2019 Hunter’s Marlborough Pinot Noir $28.90
This excellent Pinot Noir comes from the 2019 vintage, one of the best for Marlborough Pinot in the past five years. It’s made from grapes grown mostly in the Southern Valleys of Marlborough where the climate and gently sloping hillside vineyards provide wines with great structure and earthy intensity as well as brightness of fruit flavour. All grapes were hand picked, 30% whole bunches added to the ferment to provide structure and texture, reducing the need for oak to add this body. The wine was aged in French oak for 10 months, a modest 25% new and it was bottled without fining and had some filtration.
Vegan certified by the New Zealand Vegetarian Society.

Wine of the week… A family milestone in Marlborough

This year marks the 40th for Daniel and Adele le Brun, who have pared back their plans to celebrate on a large scale due to Covid-19. The pair pioneered sparkling winemaking in New Zealand in the early 1980s, producing high quality  méthode traditionelle (the same winemaking method as champagne) from the start. They released their first bubbly in 1985, only to run into anti-French sentiment in the wake of the Rainbow Warrior sinking in New Zealand. “But Adele turned a negative into a positive by using the anti-French atmosphere to promote New Zealand wine made the same way as champagne, only at a fraction of the cost,” said Daniel le Brun, in a phone interview with me this week.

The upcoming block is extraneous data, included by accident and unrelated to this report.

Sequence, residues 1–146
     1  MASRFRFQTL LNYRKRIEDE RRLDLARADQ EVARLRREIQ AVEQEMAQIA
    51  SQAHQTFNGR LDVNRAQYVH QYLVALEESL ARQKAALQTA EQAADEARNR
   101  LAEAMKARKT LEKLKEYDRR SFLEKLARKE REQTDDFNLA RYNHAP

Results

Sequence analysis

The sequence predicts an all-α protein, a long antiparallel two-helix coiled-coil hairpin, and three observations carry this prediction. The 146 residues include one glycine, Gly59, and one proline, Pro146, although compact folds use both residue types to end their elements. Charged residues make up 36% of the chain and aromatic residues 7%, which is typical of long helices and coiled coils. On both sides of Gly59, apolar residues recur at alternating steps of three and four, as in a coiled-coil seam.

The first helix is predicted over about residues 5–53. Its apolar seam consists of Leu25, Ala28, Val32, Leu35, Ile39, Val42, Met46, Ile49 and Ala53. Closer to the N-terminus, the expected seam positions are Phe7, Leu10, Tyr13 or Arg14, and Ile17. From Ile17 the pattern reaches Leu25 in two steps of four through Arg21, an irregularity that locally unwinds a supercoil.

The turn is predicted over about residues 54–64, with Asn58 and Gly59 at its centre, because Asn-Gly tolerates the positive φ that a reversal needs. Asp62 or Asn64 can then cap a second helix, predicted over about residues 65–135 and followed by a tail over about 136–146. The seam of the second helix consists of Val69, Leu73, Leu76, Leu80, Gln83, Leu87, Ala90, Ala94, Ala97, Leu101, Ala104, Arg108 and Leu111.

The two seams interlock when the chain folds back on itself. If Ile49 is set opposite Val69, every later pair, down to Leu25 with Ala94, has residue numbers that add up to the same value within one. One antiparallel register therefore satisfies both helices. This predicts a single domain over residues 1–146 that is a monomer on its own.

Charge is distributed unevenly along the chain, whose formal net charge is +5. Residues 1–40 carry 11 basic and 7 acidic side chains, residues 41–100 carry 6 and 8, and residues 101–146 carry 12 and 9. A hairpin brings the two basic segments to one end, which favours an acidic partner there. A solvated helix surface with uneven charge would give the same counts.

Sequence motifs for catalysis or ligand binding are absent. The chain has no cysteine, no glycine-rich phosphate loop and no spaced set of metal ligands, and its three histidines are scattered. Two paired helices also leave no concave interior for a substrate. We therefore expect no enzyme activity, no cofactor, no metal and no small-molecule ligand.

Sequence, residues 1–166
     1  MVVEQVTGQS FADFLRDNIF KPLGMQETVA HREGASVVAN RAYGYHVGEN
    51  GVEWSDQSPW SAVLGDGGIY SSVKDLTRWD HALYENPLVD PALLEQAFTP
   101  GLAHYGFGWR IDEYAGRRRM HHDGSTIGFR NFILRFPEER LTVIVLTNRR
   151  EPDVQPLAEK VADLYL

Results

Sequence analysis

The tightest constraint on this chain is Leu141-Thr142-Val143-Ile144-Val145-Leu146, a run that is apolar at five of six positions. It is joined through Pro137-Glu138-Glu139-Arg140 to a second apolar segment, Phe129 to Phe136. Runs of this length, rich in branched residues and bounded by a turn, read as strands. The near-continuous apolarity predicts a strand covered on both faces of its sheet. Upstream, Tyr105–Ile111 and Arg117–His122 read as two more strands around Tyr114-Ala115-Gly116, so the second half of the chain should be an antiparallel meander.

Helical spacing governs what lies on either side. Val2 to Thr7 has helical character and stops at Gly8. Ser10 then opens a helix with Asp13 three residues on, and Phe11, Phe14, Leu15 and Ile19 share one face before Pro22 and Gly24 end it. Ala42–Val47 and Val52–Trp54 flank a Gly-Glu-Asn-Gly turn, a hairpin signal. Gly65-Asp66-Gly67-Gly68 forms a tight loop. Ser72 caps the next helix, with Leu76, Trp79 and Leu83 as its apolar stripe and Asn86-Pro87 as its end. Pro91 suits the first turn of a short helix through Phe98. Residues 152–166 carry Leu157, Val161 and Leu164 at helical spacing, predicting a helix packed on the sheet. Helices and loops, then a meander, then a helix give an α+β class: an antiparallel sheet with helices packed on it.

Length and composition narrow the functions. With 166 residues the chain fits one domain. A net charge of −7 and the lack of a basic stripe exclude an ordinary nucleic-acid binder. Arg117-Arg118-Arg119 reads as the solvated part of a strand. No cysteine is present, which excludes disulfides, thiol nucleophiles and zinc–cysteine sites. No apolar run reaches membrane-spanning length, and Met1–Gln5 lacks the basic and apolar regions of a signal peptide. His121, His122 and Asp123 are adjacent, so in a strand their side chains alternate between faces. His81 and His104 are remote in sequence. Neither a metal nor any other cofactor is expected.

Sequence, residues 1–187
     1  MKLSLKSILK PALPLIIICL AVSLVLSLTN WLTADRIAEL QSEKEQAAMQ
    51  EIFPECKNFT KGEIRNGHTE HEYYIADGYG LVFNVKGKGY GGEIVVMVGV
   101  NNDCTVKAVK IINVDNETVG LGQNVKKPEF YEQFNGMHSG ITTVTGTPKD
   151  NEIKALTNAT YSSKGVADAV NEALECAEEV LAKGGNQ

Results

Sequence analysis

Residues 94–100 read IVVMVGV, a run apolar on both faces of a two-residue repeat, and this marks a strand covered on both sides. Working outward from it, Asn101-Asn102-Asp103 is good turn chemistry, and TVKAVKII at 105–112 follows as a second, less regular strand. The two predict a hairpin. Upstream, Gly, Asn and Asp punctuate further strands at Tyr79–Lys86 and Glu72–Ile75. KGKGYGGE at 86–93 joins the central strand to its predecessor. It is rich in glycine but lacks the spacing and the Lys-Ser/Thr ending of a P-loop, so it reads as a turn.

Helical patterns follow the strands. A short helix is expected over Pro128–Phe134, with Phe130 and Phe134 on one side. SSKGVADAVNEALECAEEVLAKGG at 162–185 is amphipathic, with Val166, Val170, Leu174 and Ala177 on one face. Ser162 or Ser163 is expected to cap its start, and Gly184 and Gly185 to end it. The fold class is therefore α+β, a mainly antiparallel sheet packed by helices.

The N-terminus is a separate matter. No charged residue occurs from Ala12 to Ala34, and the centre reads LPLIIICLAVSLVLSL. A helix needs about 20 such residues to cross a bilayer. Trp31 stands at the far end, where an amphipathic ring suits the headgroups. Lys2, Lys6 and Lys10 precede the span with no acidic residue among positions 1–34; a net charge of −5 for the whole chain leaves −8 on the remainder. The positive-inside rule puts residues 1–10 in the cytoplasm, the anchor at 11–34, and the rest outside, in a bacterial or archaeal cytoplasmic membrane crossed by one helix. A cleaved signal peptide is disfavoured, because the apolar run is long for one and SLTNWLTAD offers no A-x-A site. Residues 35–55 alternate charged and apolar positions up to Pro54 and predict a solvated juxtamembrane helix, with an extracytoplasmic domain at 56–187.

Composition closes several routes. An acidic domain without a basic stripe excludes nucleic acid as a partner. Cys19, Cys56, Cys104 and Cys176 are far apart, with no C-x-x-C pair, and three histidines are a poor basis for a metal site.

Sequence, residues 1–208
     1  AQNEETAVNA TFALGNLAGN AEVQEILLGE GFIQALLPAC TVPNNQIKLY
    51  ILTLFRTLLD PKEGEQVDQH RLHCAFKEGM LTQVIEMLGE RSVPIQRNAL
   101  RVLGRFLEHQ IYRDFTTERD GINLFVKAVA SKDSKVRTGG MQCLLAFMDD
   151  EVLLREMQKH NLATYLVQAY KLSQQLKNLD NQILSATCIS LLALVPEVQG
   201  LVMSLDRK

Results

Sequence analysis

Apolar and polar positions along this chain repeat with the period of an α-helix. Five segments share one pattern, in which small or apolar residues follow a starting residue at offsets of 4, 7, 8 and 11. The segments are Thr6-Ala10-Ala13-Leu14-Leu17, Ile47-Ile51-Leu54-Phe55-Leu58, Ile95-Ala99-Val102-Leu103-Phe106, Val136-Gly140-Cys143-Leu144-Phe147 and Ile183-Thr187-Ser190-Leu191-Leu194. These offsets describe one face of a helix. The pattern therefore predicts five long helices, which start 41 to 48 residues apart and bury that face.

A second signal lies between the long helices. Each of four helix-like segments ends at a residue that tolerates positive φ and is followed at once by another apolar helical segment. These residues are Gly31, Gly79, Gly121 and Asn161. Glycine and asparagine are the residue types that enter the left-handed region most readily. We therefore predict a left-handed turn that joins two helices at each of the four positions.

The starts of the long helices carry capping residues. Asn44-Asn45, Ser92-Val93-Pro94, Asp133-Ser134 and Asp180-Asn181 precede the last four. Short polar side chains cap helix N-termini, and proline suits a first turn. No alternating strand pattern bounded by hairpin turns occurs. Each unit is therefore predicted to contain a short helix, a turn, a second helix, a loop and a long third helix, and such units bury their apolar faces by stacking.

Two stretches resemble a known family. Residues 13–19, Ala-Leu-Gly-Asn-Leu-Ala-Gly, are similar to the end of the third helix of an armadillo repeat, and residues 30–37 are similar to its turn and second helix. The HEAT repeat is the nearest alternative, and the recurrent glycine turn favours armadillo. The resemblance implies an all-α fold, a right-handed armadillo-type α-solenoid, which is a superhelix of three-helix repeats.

The challenges of making wine in Marlborough’s early days were numerous, including restrictive land subdivision laws, difficulty obtaining finance due to wine being an untested industry at the time and a lack of available grapevines to plan. Not to mention a beer drinking, farming culture to contend with. But Le Brun comes from a long line of French winemakers (whose winemaking and viticulture date back to 1684) and he couldn’t believe his luck when he arrived in New Zealand as a curious traveller to find such ideal weather.

“I’ve never had a bad vintage because the climate here is so much more reliable and better than it is in Champagne,” he told me when recalling the struggles, joys and long journey to make it this far from nothing but bare paddocks of land in Marlborough, when he first arrived there with wife and partner, Adele, their six month old daughter Virginie and three dogs. They now have a son, Remy, and the entire family is involved in the winemaking. They own four hectares of land and buy the remaining grapes they need.

This pink bubbly is my pick of their line up. I love its flavours and the history that went into making the wine.

Wine of the week
No 1 Family Estate Rosé NV $47

This toasty little pink bubbly is 100% Marlborough grapes and 100% Pinot Noir, fermented to 12.5% ABV with 7.5 grams of residual sugar per litre – almost bone dry and it tastes like it. It was aged for 18 months on lees prior to disgorgement, initially in December 2019, with ongoing disgorgements to retain fresh wines to meet market demand.
To say this wine delivers great value for money is a wild understatement.